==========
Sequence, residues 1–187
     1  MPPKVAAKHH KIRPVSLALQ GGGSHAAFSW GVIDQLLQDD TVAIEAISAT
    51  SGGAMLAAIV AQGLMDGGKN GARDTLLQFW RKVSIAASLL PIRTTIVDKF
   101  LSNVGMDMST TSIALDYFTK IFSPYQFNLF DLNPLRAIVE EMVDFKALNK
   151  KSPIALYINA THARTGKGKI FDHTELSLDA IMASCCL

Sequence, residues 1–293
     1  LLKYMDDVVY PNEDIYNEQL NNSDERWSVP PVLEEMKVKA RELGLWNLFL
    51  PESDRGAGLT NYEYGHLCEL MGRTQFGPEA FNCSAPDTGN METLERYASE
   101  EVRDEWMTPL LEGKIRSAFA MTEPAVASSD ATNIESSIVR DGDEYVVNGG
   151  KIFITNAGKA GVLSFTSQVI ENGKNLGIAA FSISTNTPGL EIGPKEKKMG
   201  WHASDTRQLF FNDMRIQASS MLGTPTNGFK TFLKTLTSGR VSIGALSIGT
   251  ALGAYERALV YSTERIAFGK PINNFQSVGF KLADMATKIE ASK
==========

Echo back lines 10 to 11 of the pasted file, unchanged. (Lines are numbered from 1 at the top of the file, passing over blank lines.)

   151  KIFITNAGKA GVLSFTSQVI ENGKNLGIAA FSISTNTPGL EIGPKEKKMG
   201  WHASDTRQLF FNDMRIQASS MLGTPTNGFK TFLKTLTSGR VSIGALSIGT